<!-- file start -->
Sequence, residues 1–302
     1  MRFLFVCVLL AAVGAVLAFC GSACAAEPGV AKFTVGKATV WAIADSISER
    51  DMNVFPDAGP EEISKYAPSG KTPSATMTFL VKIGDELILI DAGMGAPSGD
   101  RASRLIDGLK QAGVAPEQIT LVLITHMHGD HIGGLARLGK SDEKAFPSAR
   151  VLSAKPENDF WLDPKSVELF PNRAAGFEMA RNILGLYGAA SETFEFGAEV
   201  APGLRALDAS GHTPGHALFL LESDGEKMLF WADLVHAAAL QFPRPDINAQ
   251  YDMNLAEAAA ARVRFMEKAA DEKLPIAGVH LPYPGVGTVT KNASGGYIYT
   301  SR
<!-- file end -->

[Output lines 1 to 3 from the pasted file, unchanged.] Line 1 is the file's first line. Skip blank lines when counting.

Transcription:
Sequence, residues 1–302
     1  MRFLFVCVLL AAVGAVLAFC GSACAAEPGV AKFTVGKATV WAIADSISER
    51  DMNVFPDAGP EEISKYAPSG KTPSATMTFL VKIGDELILI DAGMGAPSGD